#623390
    MrFid
    Pro
    Sudbury, MA

    Well, I only had 8 mortises to do today but I set up the mortising attachment anyway. Finished all 8 and the corresponding tenons in a bit less than an hour.

    I also final milled and tapered the legs for my new project.

    Wow those look really nice. I think maybe part of the problem is that my mortiser might be missing a part. I bought it off a guy on Craigslist. I was actually buying something else and he sorta threw it in for a steal. I’ll have to reinvestigate that tool in the future. Thanks for posting!

    #623484
    smallerstick
    Pro
    North Bay, ON

    Well, I only had 8 mortises to do today but I set up the mortising attachment anyway. Finished all 8 and the corresponding tenons in a bit less than an hour.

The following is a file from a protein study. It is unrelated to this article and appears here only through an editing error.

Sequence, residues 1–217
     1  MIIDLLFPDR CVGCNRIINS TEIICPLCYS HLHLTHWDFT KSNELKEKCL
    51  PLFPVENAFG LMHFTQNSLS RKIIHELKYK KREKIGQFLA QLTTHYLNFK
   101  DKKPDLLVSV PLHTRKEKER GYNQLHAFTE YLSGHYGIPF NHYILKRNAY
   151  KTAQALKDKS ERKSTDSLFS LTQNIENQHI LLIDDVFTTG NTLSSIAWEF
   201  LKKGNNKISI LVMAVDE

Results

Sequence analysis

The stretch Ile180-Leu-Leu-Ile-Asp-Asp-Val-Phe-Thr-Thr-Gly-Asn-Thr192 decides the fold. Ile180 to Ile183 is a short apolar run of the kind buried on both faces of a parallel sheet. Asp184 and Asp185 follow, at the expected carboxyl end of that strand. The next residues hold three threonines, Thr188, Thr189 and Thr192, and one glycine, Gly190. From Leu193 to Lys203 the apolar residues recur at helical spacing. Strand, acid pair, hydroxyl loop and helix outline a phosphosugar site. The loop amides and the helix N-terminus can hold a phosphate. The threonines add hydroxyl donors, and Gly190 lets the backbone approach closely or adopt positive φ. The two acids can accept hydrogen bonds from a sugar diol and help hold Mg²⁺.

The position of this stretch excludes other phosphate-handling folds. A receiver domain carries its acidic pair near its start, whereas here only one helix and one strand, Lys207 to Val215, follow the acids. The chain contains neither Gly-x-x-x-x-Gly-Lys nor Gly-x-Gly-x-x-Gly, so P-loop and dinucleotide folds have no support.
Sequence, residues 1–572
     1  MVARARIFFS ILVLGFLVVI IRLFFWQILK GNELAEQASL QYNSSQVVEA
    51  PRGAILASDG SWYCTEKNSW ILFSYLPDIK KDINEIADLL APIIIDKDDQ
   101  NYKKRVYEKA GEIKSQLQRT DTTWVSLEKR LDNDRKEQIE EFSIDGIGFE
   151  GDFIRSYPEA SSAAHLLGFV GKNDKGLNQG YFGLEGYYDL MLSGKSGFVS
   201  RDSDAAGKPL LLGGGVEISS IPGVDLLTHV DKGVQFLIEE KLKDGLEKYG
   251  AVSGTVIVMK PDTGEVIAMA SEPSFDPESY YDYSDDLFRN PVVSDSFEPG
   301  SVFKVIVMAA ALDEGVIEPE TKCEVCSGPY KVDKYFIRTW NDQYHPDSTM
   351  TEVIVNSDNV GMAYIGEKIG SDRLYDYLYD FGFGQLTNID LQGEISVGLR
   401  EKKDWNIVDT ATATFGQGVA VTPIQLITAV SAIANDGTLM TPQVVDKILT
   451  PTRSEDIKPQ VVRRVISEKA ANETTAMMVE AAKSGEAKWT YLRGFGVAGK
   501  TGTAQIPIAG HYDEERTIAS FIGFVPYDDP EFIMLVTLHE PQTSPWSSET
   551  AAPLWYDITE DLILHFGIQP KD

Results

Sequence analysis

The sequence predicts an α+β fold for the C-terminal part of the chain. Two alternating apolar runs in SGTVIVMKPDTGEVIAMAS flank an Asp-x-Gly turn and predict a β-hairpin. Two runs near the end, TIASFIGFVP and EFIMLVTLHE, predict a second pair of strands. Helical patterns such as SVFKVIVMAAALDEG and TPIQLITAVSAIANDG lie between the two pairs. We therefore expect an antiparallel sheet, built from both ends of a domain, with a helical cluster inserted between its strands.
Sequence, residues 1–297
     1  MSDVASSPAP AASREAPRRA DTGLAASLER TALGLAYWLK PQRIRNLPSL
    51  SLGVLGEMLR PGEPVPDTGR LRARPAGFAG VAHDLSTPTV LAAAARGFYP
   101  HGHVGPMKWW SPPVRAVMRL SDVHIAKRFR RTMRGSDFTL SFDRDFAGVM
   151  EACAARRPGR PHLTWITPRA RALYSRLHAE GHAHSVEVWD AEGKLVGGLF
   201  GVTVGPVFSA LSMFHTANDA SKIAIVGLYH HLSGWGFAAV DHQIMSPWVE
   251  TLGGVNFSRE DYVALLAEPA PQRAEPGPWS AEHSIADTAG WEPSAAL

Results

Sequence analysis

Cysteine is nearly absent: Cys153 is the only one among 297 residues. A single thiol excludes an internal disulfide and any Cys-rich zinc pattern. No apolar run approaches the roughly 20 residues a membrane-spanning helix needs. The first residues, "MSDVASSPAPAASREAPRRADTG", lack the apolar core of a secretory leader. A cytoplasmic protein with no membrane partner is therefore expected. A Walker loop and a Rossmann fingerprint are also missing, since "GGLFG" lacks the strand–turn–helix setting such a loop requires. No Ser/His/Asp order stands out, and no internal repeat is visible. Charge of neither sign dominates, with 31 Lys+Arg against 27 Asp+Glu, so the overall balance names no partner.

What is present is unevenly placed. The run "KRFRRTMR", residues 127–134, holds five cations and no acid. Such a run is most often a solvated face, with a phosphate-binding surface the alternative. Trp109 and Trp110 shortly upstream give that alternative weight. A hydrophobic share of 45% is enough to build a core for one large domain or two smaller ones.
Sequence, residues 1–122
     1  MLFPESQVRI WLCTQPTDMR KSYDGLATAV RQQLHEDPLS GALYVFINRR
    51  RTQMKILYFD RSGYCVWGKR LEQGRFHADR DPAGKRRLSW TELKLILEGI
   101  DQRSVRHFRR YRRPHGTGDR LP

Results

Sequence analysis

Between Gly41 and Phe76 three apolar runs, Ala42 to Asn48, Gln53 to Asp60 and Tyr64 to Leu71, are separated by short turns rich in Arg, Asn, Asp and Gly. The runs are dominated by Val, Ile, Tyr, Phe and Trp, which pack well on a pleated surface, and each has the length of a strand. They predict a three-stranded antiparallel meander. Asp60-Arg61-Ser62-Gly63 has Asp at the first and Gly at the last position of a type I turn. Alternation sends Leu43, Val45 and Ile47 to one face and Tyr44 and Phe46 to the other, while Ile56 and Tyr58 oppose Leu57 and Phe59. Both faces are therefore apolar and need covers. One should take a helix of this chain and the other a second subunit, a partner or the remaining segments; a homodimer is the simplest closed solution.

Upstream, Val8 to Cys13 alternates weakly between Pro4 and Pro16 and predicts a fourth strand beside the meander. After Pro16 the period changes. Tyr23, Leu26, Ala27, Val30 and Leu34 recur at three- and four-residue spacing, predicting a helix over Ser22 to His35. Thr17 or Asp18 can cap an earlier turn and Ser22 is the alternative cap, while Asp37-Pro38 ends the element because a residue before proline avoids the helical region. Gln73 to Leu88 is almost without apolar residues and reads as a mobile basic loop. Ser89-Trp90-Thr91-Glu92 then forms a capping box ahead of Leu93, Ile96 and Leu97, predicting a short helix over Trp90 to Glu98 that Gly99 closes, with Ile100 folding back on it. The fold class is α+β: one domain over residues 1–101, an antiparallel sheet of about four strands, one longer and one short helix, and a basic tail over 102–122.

I also final milled and tapered the legs for my new project.

    Wow those look really nice. I think maybe part of the problem is that my mortiser might be missing a part. I bought it off a guy on Craigslist. I was actually buying something else and he sorta threw it in for a steal. I’ll have to reinvestigate that tool in the future. Thanks for posting!

    @MrFid Here’s a pic of the mortising setup if that will help you sort out the parts.

    I got the tenons trimmed and beveled and the dry fit done for the base today. Added the breadboard ends to the top and did a first sanding. Tomorrow will be sanding, glueup and maybe a bit of finishing.

    BE the change you want to see.
    Even if you can’t Be The Pro… Be The Poster you’d want to read.

    #623495
    staker
    Pro

    Table looks great.

    #623496

    Looking good there Peter. I love how you tapered the legs. Are you rounding over or putting a profile on the top?

    #623502
    MrFid
    Pro
    Sudbury, MA

    @mrfid Here’s a pic of the mortising setup if that will help you sort out the parts.

    Thanks! I have to take a closer look at mine. My mortiser is a separate machine from a drill press. It has it’s own motor and stand an everything. It’s a Delta 14-650. Yours looks great!

Viewing 20 posts - 541 through 560 (of 1,003 total)